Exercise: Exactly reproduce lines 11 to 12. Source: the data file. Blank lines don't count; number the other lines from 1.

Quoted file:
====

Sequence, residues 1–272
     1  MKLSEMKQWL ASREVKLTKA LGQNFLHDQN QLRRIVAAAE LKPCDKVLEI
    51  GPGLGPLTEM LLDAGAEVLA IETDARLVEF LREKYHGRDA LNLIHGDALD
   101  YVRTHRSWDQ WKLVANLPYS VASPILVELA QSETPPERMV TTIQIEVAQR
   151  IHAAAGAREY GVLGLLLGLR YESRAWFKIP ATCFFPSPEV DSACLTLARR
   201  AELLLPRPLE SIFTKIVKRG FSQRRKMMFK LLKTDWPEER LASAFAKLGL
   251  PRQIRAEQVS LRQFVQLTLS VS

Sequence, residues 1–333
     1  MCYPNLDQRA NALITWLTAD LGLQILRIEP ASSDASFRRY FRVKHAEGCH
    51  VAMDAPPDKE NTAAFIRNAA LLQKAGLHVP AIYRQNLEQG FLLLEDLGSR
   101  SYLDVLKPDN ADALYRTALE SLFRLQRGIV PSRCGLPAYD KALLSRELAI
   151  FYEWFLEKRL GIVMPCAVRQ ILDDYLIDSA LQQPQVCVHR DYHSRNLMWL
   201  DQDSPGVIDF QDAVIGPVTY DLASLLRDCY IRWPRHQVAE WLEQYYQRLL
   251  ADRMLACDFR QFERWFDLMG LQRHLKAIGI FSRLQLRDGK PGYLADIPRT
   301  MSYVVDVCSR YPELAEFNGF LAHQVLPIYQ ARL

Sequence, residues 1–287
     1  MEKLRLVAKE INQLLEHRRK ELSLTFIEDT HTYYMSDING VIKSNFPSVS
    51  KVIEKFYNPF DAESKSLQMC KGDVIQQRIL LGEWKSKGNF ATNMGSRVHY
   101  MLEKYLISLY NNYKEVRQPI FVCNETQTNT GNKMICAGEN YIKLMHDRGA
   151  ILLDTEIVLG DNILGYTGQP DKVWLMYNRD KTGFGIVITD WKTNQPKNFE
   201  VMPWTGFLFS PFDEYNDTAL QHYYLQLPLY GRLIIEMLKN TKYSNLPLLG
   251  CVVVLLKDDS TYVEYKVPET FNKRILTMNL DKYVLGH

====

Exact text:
   101  SYLDVLKPDN ADALYRTALE SLFRLQRGIV PSRCGLPAYD KALLSRELAI
   151  FYEWFLEKRL GIVMPCAVRQ ILDDYLIDSA LQQPQVCVHR DYHSRNLMWL